Passion and pragmatism – your main tools for winning grants

Written by
Jo Garner
July 22, 2015
Your application mustn’t leave any questions unanswered.

You may not think you have the most exciting project in the world. But you know that it is meeting a vital need for your constituents and it has to be delivered. There will be measurable outputs and outcomes and you know it will create an impact. And you may think that grant application form with its limited spaces leaves little room for creativity. You fill in the form, send it off and hope that the committee reading those applications will be informed enough to understand that not every programme can invent the wheel.

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What is so different about you that will make them want to give you money?

But funders generally receive many more applications than they can short-list, let alone fund. They need to know and understand the project from what you present in that limited space you have been given to tell the story of need. And it needs to grab their attention and leave no unanswered questions in their minds.

Stories should be involved at every stage of your grant-planning cycle. The writer of the application needs to be constantly collecting the relevant stories that have helped your charity define the need for a programme. Stories are also an integral part of describing the need for funding.

You have to be passionate and excited, but never forget pragmatism.

For those outside the day-to-day activities of your organisation can be fascinating, exciting and inspiring. As a writer trying to get funding from a charitable foundation, you need to learn to see and communicate the obvious things and every day details of the work that your charity does. Here are a few strategies.

Know the stories – no one knows better the life-changing work your charity does every day than the people you work to help. Case studies and stories with human interest stories about your charity’s work and the difference it can make appeal to emotions, giving facts and figures much more impact.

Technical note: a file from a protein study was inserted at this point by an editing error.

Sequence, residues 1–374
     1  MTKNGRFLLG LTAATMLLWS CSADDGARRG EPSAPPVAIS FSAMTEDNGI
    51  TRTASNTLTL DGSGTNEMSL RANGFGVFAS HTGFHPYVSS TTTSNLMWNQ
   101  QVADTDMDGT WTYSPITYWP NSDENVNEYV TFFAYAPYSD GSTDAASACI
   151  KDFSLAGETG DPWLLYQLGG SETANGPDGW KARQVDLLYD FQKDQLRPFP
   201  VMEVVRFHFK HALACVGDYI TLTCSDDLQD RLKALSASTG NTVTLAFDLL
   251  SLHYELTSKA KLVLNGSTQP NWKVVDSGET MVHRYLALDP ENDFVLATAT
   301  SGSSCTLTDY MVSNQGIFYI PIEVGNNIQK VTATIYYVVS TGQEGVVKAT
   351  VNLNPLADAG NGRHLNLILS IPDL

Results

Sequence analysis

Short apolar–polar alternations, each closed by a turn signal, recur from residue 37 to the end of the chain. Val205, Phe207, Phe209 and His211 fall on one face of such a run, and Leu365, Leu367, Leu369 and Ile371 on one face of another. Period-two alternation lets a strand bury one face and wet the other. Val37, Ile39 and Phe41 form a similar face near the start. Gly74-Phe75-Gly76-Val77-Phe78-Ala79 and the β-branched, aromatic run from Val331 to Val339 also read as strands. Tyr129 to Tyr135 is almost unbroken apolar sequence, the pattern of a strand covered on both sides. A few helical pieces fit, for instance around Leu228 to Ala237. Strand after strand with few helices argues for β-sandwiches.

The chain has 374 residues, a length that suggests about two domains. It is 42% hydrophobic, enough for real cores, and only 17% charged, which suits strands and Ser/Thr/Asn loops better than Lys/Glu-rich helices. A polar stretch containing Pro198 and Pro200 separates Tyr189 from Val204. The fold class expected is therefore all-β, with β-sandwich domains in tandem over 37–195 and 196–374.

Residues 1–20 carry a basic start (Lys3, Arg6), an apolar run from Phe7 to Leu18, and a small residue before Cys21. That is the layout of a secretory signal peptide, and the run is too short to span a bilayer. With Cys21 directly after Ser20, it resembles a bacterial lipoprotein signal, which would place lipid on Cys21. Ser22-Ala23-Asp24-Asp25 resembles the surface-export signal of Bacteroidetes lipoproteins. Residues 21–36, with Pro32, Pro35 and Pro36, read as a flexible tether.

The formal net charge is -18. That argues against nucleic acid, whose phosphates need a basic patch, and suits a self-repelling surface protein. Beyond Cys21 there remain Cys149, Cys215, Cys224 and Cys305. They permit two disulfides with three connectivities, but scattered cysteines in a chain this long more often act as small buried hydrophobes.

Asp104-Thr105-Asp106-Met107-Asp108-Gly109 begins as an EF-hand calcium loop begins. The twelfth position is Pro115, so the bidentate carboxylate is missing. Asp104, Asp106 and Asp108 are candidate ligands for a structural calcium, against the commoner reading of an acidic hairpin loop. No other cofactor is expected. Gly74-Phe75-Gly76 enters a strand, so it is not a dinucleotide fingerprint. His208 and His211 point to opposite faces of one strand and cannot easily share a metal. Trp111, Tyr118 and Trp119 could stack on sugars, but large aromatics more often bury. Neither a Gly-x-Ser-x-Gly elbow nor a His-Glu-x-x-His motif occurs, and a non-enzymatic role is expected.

If your reader fails the nutmeg test – you’ve failed too.

Think like a stranger – looking at something with fresh eyes often yields the best results in creating a strong case for support. Examine the project or programme you are seeking funding for from the perspective of those who have never heard of your organisation. Find the unique point of difference that will get them excited about funding your charity’s work.

Delve into the past – what have been your organisation’s key achievements? How does the funder know that you have the capacity to do what you say you are going to do?

You need to write your grant application with passion and communicate that excitement, but also with pragmatism. Because despite these next few tips seeming smack-in-the-face obvious, years of experience collaborating with fundraisers tells us they are often forgotten.

1. Don't ignore the guidelines. They are developed to ensure that the philanthropists’ intent is met in grants that are awarded, so adhere to them. This includes:

a) Abiding by the word limits.

b) Confirming your eligibility, for example, does your annual revenue need to be under a certain figure to be eligible to apply?

c) Ensuring that all attachments are provided as requested.

d) Providing answers to the questions asked.

e) Checking spelling and grammar.

2. Be concise and think like a journalist – make sure the most important information is delivered early and makes the assessment committee want to keep reading.

3. Hand it over – get a colleague to read over your application with fresh eyes and then get her, or him, to give you a 25-words-or-less nutshell summary of what you’ve written. If they fail the nutshell test, you need to refine your main points.

Don't forget: trusts, foundations, collective giving groups and other funders are established with the purpose of making grants. They want to give money to support worthy causes that align with their own missions. By paying attention to the need for both pragmatism and passion your grant application will not only have the best chance at success, but will also help to encourage the growth of philanthropy.

Finally, after all the hard work of winning that grant, rolling out your project, and measuring and reporting outcomes, don’t forget that funders want to hear the stories of positive change created by their investment. Communicating these stories will ensure your funder feels involved in creating positive change and will also allow you to tell the world why your work is so vital and why it should continue to win grants and funding.

About the author: Jo Garner

Jo Garner

Jo Garner is the director of Strategic Grants and a founding member of Queensland's first women's giving circle, Women & Change.

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